Friday, 6 January 2017

Gulls near and aboots Arbroath Harbour

Not everyone's cup of tea Gulls, but what they might lack in beauty they make up for in character, longevity, parenting skills and dedication to that task which continues throughout the winter. These photos are from January 5th when there was a quite harsh sun shining and the Stonechat from Kinnaber.

Glaucous Gull seen from the Old Brewhouse area at the mouth of the Brothock Burn which is where the Aberbrothock in our blog's name derives. Various versions and spelling have existed through the years before the current Arbroath.

There are very many Great Black-backed in the Harbour area just now, they are a bird which only used to be seen in poor winter weather when I was a young lad.....a while ago now. Today under the bridge at the boat yard a box of old lobster pot bait had been left it's assumed for the gulls and the GBB Gulls had taken charge of it, perhaps why so many stay around?

A Herring Gull parent with its bairn, they were waiting for a lobster fisherman who had thrown a fish for them to move back a bit and called in many of the gulls around while waiting.

Black-headed Gull on the "dock gates" which control the water level in the inner dock. Changed days now, they are operated with the press on a button. I remember when two large men with metal handles had to wind the gates open and closed and I'd been warned to stay away as someone had been killed by a swinging handle being rotated by the water pressure on the gate. Probably true but often stories at the harbour were invented or embellished to stop the feral kids like me from getting into trouble.

One of two working along the dunes at Kinnaber

Wednesday, 4 January 2017

Shag - Arbroath Harbour

No sign when I briefly visited Arbroath Harbour of a reported Glaucous Gull but the Shag below was fishing in the outer harbour along with a Cormorant. I'll continue to keep a look out for the gull but I'm being drawn inland and Olive wants to climb Mount Keen, yeah believe that........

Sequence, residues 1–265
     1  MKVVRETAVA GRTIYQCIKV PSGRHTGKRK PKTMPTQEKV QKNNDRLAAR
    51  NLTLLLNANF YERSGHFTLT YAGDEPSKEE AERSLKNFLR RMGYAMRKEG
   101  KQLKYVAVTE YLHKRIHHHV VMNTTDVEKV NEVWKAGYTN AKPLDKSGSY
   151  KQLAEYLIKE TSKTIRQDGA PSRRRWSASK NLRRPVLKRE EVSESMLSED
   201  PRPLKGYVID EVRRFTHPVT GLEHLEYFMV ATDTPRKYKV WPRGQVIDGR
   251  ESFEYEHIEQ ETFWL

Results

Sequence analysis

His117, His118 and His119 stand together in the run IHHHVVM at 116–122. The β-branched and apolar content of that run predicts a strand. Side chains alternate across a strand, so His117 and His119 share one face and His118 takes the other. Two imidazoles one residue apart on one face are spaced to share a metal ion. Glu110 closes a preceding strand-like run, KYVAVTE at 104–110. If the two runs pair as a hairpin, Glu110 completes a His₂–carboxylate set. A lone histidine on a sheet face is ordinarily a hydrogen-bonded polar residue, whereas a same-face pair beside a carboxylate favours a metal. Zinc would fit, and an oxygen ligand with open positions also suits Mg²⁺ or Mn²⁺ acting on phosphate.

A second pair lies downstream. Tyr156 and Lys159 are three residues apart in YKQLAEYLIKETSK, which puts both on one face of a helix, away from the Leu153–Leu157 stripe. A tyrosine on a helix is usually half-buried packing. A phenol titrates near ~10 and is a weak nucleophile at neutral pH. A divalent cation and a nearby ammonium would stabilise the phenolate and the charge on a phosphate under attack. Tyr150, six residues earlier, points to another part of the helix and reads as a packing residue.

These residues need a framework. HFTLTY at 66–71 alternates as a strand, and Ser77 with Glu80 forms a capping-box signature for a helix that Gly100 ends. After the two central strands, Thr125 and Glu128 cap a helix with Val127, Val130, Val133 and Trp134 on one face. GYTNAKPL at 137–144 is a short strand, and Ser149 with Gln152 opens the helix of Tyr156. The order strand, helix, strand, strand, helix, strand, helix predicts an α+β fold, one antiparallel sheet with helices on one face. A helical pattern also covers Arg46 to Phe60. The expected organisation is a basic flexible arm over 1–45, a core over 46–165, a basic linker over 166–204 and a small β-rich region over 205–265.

Sunday, 1 January 2017

It's a new day, a new dawn, a new birding year

I avoided the new year rush to get "ticks" and will try this year to find as many birds but by a less frenetic chase. To this end today I went for a walk with Olive, albeit to a place where I might see a rarer bird and it was still there and spotted by her. Yes it's the same Little Egret from a few days ago but since it took 364 days to find an Angus one last year I thought best to get this species out of the way.

Little Egret feeding in a channel on the North Esk estuary at Kinnaber before flying across the river into Aberdeenshire. Photographed from a long way off and I was surprised to get one as good for the distance

Two young Mute Swans also at Kinnaber

Now 35 Tree Sparrows in my garden, the highest count I've ever made and it's costing a fortune in seed, but currently worth it. This one photographed from the car late in the day, I must try and get some photos before I go out when the sun is on part of the garden!

The seed spilled by the Tree Sparrows is also attracting this Wren which is an uncommon visitor to my garden. This photo is through the old rabbit run which acts as a barrier to the Feral Pigeons and Sparrowhawk while still allowing birds up to Blackbird size through the 50 mm chicken wire mesh